Central banks came to realise that credit controls were not the best way to fulfil their stability objective. What’s more, they came with undesired side effects. In particular, quantitative credit ceilings were negatively affecting competition, innovation and efficiency in the banking sector [5]. In some countries, the use of credit controls as one of the main instruments of policy led to a rapid expansion in the money supply, persistent inflation and frequent balance of payment crises.

Today, central banks conduct monetary policy by altering the short-term interest rate to affect inter-temporal decisions on consumption and savings. This inter-temporal – or vertical – redistribution is at the heart of the monetary policy, which aims at price stability. A change in the policy rate is transmitted to other interest rates at various maturities through a long sequence of inter-temporal arbitrages. Ultimately, any change in interest rates for consumers and firms affects saving, investment and spending decisions through an inter-temporal substitution effect.

Monetary policy also affects the distribution of income on the intra-temporal – or horizontal – dimension. Changes in short-term interest rates impact on consumption, savings and wealth in different ways, depending on the characteristics of individual households. But all these effects can be considered as temporary, indirect and unintended, that is, a side effect of a strategy which aims at ensuring price stability in the economy.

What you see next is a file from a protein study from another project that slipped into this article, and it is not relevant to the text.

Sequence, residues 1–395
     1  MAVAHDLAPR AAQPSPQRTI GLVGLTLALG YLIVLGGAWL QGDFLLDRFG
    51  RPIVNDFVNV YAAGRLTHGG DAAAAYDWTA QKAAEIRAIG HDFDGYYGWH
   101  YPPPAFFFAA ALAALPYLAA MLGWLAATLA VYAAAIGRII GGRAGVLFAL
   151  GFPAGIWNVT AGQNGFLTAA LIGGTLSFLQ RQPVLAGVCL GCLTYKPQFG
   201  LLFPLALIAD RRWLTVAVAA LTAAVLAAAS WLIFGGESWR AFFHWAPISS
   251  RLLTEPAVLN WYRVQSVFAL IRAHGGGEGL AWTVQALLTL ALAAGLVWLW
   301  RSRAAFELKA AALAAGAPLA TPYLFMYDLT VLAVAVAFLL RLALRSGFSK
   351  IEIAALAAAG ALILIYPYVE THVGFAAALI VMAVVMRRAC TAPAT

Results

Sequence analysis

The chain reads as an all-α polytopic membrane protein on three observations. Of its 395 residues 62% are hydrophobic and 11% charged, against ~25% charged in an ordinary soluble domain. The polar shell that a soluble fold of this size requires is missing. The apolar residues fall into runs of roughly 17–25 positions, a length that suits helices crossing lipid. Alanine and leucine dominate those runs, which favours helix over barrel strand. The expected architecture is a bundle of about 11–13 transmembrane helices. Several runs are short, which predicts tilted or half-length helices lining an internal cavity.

So let me briefly describe how monetary policy can, in principle, affect the distribution of income. Let me start with the impact over the short term before taking a longer-term perspective.

Over the short term, we can see three main channels through which monetary policy may have distributional consequences.

First, monetary policy may act upon the cyclical component of the distribution of income. In fact, income distribution may narrow during an economic expansion and widen during an economic contraction, especially if labour markets are not functioning well and the burden of adjustment is disproportionately felt by outsiders. Just think of the case where, for example, an increase in unemployment and a decline in the labour force participation are felt excessively by low-skilled workers [6]. Hence, this cyclical pattern of the income distribution would imply that an expansionary monetary policy shock would also contribute to a narrowing of the income distribution.